Liberal (or progressive) Adventism as described by Ruiz-Knotts and as framed by Randy Roberts attempts to hold onto its historic identity while abandoning the fear of the classic investigative judgment and the rigidity of a regular diet of Ellen White. Yet holding onto their classic identity puts them out of step with the words of general conference president Ted Wilson who said in his recent sermon at Annual Fall Council:

Our prophetic message is core to all that we do in Mission to the Cities. The Seventh-day Adventist historicist understanding of prophecy and our historical-biblical approach to hermeneutical interpretation gives us the full picture of what we believe. Do not succumb to the aberrations of hermeneutical approaches being promoted by some. Do not fall for the false approach that we really are not much different than other denominations so let’s unite with them. Maintain strong religious liberty and freedom of conscience initiatives. Do not accept the bland neutralization of Seventh-day Adventist beliefs by individuals who say you only have to believe in Jesus and not doctrine. My friends, Christ is the center of every Seventh-day Adventist doctrine. Doctrines are not some legalistic remnant of days gone by, doctrines are Christ’s life and teachings in practical understanding. Jesus is the center of all that we believe and all that we do in His name. He is the One who accomplishes every good thing in any of us. We are saved by grace and faith in the One who is our all in all.

Under all the words, Adventism of any stripe is still Adventism. It is the corporate world organization which establishes policy and writes the doctrinal statements. It is the same organization which pays the salaries of all Adventist employees around the world. All Adventists have to abide by the same beliefs and practices. In general, all Adventists believe in the eternal importance of the seventh-day Sabbath. They believe in the material nature of man and the idea that in death, they cease to exist except as memories in the mind of God. They believe that God took a risk sending Jesus do die, that Jesus could have failed, and they believe that their own obedience helps to vindicate God’s character before an accusing Satan.

No matter how they protest, Adventists are still Adventists until they respond to the gospel, give up their false beliefs, trust in Jesus alone, and match their beliefs with their behavior and leave their former religion for true Christianity. The belief that God’s grace forgives everyone, that one merely needs to accept this belief as true without submitting oneself to trusting in Jesus alone, is a gospel-perversion.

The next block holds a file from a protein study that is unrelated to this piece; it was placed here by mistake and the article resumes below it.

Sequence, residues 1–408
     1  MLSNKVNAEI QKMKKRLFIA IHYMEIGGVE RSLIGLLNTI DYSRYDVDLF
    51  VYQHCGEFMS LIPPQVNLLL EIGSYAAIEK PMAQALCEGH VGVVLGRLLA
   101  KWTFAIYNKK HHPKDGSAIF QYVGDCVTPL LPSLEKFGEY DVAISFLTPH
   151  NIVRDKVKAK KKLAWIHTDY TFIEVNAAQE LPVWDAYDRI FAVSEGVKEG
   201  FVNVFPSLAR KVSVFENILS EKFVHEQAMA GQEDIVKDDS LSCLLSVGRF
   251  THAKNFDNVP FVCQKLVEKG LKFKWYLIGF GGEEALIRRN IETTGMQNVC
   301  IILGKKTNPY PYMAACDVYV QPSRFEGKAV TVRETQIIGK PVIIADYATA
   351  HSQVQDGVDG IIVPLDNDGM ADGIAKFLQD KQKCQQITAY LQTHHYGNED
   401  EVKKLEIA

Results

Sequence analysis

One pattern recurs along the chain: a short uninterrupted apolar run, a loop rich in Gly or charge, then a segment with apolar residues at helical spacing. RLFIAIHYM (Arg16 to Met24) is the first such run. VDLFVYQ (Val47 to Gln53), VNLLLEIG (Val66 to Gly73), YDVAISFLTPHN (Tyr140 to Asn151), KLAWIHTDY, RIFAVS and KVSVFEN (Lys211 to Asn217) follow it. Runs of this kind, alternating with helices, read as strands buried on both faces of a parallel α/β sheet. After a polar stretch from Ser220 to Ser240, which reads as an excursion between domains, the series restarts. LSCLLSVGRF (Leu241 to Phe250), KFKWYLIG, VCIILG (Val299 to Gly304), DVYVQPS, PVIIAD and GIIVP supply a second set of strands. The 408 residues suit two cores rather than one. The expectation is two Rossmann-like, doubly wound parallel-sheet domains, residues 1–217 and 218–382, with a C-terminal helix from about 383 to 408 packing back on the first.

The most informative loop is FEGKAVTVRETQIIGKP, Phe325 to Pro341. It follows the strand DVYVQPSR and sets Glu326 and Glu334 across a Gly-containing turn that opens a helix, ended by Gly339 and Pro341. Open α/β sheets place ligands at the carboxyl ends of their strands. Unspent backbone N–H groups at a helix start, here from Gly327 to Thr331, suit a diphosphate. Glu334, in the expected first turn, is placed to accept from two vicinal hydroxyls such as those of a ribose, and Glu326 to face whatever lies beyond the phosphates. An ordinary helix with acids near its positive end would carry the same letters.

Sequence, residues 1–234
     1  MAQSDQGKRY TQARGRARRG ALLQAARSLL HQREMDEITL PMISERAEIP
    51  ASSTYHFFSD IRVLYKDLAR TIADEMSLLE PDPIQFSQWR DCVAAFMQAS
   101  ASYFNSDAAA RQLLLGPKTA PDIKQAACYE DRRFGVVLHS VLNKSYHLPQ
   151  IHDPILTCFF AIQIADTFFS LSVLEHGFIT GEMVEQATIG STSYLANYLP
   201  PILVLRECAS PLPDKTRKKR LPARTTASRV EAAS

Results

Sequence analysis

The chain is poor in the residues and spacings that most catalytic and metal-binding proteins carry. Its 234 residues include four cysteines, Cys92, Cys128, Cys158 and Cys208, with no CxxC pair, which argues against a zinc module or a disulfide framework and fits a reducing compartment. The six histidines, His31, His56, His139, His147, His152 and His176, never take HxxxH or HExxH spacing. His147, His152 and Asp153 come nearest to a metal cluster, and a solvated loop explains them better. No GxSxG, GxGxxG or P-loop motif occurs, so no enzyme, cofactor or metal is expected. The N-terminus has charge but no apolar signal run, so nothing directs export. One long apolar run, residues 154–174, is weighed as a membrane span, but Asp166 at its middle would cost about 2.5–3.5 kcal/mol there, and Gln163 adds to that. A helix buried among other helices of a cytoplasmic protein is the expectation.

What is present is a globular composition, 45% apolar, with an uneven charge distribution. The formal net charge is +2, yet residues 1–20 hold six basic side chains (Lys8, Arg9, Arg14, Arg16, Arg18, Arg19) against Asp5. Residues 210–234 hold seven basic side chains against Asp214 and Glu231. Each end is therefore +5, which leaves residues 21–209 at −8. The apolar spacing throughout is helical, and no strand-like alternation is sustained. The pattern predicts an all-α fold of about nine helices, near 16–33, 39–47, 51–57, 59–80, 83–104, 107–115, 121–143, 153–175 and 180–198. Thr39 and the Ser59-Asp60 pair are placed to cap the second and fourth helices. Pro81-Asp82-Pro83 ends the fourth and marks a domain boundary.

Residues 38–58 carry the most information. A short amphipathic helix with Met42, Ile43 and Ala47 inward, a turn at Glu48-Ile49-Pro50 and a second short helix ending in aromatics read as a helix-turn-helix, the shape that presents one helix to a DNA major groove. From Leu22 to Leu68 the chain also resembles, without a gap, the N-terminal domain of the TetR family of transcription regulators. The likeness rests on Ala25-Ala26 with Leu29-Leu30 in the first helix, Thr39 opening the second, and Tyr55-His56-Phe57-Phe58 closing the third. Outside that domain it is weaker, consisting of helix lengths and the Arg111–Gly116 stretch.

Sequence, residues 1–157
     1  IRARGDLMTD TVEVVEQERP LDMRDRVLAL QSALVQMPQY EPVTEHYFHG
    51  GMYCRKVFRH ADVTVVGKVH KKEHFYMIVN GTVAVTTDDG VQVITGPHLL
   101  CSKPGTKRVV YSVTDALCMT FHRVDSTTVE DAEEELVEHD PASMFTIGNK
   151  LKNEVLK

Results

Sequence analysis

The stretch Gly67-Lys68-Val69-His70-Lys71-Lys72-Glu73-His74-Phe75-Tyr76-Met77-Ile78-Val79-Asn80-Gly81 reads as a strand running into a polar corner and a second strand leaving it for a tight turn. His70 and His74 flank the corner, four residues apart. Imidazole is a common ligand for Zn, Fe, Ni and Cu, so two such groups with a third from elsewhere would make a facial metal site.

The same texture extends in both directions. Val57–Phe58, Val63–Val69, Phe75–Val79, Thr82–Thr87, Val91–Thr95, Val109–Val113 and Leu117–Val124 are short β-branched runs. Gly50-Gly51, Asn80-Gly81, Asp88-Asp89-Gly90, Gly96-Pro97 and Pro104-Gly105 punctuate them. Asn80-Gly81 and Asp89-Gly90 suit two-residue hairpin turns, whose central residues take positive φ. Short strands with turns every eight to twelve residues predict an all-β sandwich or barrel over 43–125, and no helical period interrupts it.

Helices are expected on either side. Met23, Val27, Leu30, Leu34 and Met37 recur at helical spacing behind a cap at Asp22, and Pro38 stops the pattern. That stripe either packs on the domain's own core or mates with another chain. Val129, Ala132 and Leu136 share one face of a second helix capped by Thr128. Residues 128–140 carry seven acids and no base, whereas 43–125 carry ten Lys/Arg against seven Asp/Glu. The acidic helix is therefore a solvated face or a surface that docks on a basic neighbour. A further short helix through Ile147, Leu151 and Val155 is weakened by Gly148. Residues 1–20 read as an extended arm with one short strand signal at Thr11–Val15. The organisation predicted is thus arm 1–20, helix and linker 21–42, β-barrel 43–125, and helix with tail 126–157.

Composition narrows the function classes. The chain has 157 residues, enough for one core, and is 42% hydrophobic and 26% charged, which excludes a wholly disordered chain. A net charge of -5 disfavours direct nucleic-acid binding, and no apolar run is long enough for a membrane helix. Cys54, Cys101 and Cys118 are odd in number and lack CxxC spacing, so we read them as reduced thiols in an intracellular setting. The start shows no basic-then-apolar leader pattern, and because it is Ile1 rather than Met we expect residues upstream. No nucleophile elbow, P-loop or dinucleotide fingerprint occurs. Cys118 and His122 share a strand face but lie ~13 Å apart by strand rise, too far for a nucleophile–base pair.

Integrity demands one’s beliefs match one’s actions. If a person no longer believes Adventist doctrines, he is dishonest if he stays and poses as an Adventist—and he’s especially dishonest if he receives a salary from Adventism and pretends to endorse what he no longer believes.

Ultimately, there is only one gospel, and only in Jesus can one find forgiveness from sins. Only in Jesus can one be born into eternal life. Only in Jesus will our questions find answers, and only in Jesus will our hearts rest. †

 

Sources

http://www.adventistreview.org/1711-20

https://news.adventist.org/en/all-news/news/go/2017-10-07/adventist-church-president-challenges-members-to-minister-to-the-cities-during-his-2017-annual-counc/

Colleen Tinker

Colleen Tinker

Colleen Tinker, the editor of Proclamation! magazine, and her husband Richard left Adventism in 1998 with their two sons, Roy and Nathanael, who were in grades six and ten. They have co-led the Former Adventist Fellowship since 1999. Colleen, a graduate of Walla Walla University, is a former high school English teacher and also the former managing editor of Adventist Today magazine. Colleen became the stepmother of Roy and Nathanael in 1989, and in 2008 she adopted them. Romans 8:15-17 has assumed new depth and significance for her and Richard since she and her sons chose to claim each other legally and permanently. She and Richard share an office and a commitment to sharing the gospel of the true Jesus with all of those seeking a way out of the bondage of the false gospel of Adventism.
Colleen Tinker